International relations

Conflict, Security and Development

Module code: 917M1
Level 7 (Masters)
30 credits in autumn semester
Teaching method: Workshop
Assessment modes: Coursework, Essay

This module analyses the complex relationships that lie at the heart of the development-security nexus in the Global South, especially Africa, South Asia and the Middle East.

The module focuses on three key areas. First you will explore the extent to which cycles of insecurity and violence affect the possibility of development for large sections of the world's population. Second you will consider the difficulties that aid agencies, nongovernmental organisations, governments, and international organisations encounter when trying to negotiate these spirals of violence and insecurity – be it through armed intervention, the provision of aid, the sponsoring of peace-building processes, or assisting states in postconflict reconstruction. Finally you will conclude by considering whether underdevelopment can be said to constitute a security threat; some Western governments, for example, claim that underdevelopment in the Global South could threaten their national security by facilitating the international spread of terrorist and criminal networks.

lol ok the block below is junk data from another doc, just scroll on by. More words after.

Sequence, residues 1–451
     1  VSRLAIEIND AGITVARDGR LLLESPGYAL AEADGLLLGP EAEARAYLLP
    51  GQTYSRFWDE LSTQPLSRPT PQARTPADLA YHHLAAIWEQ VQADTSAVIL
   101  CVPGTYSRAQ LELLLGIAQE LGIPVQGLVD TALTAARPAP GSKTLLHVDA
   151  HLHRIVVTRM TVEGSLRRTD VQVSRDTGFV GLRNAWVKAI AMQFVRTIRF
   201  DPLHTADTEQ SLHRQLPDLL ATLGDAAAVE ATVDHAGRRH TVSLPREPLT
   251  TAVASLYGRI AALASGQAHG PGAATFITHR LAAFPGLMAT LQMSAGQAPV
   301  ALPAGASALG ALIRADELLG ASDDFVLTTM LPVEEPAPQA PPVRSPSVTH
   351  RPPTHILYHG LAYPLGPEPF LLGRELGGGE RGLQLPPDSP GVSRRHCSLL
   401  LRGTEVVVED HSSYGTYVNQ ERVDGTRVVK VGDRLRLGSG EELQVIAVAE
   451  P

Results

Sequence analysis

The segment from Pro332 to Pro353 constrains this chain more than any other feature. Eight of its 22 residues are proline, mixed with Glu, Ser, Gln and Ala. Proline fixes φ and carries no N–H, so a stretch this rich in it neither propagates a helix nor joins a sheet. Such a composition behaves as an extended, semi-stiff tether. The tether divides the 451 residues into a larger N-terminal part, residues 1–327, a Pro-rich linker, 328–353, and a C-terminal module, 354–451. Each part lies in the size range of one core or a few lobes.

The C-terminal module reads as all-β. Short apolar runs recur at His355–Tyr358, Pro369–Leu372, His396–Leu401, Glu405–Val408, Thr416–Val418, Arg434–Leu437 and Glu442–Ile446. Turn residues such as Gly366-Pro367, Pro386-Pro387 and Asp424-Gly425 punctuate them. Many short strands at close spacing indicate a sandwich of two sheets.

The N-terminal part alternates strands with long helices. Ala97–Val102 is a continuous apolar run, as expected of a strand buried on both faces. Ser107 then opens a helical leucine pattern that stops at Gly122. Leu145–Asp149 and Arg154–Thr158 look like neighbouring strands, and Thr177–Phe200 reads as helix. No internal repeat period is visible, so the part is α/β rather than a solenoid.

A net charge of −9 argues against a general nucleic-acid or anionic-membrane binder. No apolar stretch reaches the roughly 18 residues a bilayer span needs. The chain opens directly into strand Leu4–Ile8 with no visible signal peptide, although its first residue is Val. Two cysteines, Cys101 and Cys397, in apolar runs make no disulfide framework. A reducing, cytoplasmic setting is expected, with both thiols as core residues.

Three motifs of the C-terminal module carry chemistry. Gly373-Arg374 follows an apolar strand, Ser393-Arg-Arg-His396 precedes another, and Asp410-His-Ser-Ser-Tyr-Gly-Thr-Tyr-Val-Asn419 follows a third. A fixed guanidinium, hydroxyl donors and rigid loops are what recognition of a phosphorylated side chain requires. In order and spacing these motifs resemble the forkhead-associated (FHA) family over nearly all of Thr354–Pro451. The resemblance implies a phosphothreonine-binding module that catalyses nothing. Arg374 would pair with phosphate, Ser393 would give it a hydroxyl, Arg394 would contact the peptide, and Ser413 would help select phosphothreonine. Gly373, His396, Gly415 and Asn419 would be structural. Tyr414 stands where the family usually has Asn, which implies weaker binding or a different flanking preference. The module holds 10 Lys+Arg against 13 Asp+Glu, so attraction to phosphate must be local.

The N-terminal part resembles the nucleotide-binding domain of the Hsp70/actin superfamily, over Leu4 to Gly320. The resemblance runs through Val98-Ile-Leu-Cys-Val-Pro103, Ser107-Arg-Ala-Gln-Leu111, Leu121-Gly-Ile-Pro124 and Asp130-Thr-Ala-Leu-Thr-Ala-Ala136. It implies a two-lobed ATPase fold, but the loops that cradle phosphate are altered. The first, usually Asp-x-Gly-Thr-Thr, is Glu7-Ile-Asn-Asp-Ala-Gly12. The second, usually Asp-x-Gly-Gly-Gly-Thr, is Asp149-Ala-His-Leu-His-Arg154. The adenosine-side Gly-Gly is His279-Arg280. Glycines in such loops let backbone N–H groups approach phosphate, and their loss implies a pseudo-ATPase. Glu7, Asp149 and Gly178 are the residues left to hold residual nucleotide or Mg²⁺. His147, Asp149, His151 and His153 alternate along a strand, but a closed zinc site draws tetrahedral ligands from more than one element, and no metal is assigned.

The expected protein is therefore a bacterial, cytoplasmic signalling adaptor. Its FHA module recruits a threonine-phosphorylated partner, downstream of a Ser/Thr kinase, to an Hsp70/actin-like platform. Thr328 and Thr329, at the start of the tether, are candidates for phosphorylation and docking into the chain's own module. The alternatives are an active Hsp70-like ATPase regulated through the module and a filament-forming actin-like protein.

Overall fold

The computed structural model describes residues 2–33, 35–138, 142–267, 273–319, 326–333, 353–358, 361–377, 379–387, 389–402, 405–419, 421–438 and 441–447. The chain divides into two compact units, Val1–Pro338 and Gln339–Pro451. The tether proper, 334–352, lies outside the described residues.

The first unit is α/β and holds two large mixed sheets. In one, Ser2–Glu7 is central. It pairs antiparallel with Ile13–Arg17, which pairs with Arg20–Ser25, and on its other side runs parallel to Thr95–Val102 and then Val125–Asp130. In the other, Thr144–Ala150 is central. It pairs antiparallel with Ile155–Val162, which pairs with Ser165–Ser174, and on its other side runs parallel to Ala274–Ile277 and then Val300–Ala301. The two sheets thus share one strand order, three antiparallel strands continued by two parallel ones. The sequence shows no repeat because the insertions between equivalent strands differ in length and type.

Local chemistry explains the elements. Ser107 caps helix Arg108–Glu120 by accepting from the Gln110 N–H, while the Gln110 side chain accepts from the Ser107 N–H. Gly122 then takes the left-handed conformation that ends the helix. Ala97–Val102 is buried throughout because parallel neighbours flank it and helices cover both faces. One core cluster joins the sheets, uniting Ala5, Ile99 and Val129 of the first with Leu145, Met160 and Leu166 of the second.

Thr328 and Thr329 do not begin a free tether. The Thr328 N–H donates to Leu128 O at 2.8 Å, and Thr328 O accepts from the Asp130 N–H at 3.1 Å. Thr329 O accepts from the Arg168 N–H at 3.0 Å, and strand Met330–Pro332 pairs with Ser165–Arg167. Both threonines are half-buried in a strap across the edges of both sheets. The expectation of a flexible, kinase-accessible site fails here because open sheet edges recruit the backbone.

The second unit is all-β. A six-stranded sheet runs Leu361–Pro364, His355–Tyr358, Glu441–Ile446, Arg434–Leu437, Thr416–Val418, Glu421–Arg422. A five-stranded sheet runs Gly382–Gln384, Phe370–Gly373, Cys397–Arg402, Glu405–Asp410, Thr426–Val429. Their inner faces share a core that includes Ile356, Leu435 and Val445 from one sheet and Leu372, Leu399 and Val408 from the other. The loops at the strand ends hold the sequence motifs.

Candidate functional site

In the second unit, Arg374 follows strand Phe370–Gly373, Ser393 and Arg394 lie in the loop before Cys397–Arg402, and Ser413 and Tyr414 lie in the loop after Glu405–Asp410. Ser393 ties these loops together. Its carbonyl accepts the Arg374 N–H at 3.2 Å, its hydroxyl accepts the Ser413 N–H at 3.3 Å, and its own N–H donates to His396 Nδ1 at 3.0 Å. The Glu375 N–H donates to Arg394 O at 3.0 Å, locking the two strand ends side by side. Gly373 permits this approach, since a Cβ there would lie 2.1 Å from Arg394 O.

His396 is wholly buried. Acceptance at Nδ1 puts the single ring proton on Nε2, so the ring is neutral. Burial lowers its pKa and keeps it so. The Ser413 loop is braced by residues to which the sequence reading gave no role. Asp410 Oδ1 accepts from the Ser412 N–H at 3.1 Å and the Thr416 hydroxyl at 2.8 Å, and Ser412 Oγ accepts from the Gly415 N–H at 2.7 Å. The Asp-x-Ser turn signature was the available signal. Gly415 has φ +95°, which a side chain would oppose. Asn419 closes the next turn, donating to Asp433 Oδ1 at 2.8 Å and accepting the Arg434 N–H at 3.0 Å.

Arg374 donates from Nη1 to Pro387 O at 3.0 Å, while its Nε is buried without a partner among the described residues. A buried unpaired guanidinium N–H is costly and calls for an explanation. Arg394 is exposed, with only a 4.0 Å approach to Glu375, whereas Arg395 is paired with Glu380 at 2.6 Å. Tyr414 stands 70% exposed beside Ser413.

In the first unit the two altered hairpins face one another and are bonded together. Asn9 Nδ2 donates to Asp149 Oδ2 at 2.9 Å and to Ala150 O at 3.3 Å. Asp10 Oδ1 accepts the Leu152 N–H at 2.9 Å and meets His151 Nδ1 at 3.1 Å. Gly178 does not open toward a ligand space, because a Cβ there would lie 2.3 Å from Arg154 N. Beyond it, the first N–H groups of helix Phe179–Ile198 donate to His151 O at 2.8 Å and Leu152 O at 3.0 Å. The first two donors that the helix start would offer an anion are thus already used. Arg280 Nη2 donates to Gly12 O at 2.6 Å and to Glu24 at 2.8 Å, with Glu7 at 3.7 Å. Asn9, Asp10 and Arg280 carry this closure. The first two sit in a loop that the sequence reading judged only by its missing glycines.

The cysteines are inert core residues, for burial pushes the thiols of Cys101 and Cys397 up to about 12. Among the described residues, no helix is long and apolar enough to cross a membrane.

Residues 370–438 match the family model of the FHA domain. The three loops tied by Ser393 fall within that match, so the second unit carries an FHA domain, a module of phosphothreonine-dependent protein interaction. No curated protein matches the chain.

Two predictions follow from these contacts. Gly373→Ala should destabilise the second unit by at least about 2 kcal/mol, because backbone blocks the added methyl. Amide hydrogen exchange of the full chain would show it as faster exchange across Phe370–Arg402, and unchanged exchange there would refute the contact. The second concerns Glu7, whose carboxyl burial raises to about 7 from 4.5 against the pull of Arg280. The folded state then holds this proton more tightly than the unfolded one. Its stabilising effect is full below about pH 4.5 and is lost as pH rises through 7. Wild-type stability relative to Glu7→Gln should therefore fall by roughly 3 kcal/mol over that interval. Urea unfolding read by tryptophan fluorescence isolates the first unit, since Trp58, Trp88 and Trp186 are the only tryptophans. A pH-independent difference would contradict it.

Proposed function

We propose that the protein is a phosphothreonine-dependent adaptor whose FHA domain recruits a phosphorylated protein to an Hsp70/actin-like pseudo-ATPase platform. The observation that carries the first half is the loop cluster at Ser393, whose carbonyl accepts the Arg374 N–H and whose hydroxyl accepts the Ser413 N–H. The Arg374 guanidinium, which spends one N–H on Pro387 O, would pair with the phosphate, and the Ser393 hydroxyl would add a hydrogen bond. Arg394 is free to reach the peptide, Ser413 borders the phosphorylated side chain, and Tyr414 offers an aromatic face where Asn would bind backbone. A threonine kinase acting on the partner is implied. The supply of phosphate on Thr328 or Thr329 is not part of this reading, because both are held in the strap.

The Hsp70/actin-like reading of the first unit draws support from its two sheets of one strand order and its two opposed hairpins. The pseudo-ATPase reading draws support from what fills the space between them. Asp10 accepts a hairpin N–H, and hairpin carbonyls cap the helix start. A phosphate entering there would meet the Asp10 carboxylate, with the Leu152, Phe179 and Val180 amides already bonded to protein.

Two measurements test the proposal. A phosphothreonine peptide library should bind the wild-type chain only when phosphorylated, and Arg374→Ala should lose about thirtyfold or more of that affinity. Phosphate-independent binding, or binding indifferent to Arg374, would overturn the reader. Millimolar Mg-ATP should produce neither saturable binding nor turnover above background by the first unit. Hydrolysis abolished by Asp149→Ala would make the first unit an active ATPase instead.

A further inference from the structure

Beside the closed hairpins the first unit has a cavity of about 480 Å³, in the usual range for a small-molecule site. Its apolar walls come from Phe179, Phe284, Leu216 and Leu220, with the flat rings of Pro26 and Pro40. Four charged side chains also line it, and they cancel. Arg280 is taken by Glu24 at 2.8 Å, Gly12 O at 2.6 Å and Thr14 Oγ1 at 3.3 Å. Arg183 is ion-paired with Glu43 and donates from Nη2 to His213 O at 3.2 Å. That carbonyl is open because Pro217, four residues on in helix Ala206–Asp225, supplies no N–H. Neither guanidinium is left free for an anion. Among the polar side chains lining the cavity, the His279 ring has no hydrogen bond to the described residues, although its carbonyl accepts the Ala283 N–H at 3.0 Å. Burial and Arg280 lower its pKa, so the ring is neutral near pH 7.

The module will provide you with the necessary theoretical tools to approach this subject, grounded in applied examples and cases.

Module learning outcomes

  • Provide students with an overview of contemporary perspectives on CSD
  • Provide students with the theoretical and conceptual frameworks that will allow them to critique these approaches on process grounds
  • Reposition current CSD debates within a wider, critical frame